On the other end of the Keystone State, Pittsburghers will learn more later today about an ambitious effort to restore an urban station to their market in the wake of the sale and silencing of WAMO-FM (106.7), WAMO (860) and WPGR (1510) to a Catholic broadcast group that has yet to return those signals to the air. Eddie Edwards, who built WPTT (Channel 22, now WPMY) into one of the nation's biggest African-American-owned stations before selling it, buying it back, and then LMA'ing it to Sinclair and again selling it, was an outspoken opponent of the WAMO sale - and he's planned a 4 PM news conference today to announce that he's acquired a radio station that will flip to urban programming. Is Edwards buying one of the former Sheridan stations from St. Joseph Missions - perhaps WAMO(AM)? That seems more likely than a big-ticket purchase of an FM signal, especially since those signals are all in the hands of cluster owners (Steel City, Renda, CBS and Clear Channel) that we'd think would be unlikely to part with an individual station.

Thursday night will bring one of the biggest transitions in years to the NEW YORK CITY radio dial, and we now know more about what's in store for classical WQXR in its new home as a noncommercial signal at 105.9 on the dial. Contrary to earlier reports, it turns out that new owner WNYC will hire several on-air staffers from QXR's current incarnation at 96.3. Morning host Jeff Spurgeon, afternoon host Elliott Forrest and evening host Midge Woolsey will make the move over to the WNYC studios for daytime shifts on the new 105.9 signal (with current WQXR midday host Annie Bergen conspicuously absent), while WNYC's own classical hosts, Terrance McKnight and David Garland, will handle WQXR's evening shifts. WNYC has also hired announcer Naomi Lewin from WGUC in Cincinnati.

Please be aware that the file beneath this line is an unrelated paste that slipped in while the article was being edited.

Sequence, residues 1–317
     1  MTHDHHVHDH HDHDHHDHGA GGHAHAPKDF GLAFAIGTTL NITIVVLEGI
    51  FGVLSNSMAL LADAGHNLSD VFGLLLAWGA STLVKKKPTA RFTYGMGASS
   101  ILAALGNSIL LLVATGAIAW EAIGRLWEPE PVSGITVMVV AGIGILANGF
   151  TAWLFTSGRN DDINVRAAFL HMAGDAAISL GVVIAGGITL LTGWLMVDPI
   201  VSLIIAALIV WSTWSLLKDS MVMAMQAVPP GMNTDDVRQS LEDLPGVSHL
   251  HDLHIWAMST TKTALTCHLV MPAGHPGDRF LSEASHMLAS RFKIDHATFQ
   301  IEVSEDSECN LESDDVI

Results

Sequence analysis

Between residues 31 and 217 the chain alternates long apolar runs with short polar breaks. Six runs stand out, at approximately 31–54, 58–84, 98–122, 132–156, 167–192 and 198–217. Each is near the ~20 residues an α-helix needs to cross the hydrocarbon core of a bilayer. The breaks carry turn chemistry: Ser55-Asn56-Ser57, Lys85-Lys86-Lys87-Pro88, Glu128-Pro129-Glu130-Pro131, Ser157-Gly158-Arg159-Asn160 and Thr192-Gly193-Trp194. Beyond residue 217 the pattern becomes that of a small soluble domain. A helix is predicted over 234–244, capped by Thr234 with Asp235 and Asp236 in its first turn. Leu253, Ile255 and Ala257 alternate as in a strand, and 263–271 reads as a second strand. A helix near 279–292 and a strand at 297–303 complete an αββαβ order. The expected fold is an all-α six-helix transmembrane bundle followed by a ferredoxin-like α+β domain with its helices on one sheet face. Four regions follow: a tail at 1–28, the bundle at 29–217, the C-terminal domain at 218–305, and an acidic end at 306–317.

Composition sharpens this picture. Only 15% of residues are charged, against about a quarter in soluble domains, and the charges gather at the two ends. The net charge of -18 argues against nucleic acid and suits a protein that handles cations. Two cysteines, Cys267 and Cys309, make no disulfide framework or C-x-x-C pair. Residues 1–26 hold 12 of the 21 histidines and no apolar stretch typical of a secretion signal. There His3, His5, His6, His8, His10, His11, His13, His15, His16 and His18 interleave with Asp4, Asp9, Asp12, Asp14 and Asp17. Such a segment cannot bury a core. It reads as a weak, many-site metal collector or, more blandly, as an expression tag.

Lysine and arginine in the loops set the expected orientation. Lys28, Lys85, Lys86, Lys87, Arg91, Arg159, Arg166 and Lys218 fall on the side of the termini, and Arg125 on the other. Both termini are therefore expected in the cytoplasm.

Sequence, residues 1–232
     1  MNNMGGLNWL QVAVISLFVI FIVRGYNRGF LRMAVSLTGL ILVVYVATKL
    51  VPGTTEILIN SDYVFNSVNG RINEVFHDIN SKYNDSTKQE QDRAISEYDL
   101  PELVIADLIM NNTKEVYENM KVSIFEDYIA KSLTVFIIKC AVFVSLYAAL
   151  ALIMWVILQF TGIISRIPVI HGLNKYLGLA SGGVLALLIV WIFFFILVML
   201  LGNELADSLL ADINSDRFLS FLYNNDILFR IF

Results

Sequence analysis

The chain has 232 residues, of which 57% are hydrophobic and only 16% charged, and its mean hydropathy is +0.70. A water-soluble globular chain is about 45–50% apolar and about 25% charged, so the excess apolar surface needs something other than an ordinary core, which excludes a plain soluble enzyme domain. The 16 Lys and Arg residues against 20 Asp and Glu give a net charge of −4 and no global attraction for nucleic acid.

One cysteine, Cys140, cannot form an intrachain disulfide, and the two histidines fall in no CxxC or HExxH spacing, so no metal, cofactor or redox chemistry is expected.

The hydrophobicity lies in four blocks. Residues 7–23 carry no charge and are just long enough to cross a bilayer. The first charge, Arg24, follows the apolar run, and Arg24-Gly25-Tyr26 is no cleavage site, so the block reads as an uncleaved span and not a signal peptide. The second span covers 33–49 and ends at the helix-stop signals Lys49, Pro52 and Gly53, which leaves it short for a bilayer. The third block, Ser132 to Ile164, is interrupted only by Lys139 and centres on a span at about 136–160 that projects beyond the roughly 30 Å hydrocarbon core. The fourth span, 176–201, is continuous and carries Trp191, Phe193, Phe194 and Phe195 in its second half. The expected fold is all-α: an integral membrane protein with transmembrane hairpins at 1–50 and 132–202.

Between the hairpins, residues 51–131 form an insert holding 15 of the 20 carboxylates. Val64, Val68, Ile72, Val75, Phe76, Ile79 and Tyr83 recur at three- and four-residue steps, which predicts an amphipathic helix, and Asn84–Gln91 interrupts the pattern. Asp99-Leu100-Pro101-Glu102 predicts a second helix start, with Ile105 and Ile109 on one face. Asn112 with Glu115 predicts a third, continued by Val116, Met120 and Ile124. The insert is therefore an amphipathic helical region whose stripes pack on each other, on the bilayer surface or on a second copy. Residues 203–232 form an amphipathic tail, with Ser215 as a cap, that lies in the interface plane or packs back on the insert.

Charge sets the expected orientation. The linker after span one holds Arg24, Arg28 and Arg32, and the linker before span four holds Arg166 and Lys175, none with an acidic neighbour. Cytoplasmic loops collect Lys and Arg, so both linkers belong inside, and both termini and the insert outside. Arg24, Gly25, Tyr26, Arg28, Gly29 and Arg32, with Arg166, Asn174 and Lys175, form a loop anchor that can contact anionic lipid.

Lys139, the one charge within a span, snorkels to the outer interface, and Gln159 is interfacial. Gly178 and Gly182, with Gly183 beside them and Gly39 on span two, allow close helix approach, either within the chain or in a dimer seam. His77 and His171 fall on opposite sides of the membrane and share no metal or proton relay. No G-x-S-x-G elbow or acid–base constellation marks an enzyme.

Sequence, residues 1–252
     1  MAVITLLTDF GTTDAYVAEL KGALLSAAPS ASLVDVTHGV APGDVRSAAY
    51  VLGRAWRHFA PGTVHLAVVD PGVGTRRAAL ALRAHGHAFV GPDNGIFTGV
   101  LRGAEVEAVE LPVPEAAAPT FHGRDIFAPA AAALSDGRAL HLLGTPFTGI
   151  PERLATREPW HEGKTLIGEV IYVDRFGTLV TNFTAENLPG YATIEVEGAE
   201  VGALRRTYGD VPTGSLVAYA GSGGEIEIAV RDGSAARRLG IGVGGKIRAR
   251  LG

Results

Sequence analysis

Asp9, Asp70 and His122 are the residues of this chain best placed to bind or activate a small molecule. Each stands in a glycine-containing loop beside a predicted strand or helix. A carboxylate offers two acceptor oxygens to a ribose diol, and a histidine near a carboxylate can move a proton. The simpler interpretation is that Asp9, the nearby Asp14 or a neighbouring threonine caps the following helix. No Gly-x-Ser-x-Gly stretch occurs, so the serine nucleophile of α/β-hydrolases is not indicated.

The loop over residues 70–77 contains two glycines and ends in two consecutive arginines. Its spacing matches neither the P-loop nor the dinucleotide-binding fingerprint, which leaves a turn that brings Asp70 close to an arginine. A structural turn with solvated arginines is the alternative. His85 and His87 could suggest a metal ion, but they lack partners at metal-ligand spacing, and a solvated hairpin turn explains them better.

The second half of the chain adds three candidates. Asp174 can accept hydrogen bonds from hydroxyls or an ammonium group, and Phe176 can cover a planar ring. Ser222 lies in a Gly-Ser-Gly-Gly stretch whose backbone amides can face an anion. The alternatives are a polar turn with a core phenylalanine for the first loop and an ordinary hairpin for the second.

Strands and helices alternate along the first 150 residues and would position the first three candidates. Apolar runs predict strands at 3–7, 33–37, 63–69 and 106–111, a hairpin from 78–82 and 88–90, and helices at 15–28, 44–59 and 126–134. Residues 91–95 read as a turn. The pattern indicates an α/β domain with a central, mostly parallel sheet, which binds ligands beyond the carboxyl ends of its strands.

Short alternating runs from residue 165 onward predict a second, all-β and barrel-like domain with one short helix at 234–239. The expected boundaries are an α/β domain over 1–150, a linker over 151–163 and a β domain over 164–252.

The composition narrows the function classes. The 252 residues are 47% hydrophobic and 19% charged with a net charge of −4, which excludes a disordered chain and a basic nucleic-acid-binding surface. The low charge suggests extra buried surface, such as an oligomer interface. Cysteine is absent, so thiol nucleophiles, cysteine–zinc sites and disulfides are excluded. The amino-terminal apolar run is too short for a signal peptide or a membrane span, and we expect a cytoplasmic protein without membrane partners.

As for the music on the new WQXR, the Times reports that WNYC has adopted a mission statement for the new service that calls for a relatively mainstream classical playlist: "There may indeed be times when the more radical and unfamiliar pieces work, but we will not favor them over the work that speaks directly to the needs of uplift, beauty and contemplation.” For the more esoteric material sometimes heard on the classical portion of the present WNYC-FM (93.9) broadcast day, there will be a new streaming audio service called "Q2." It's not yet clear whether Q2 will show up as an HD Radio subchannel on either WNYC-FM or the new WQXR - or for that matter whether WQXR will appear as a subchannel on the bigger WNYC-FM signal.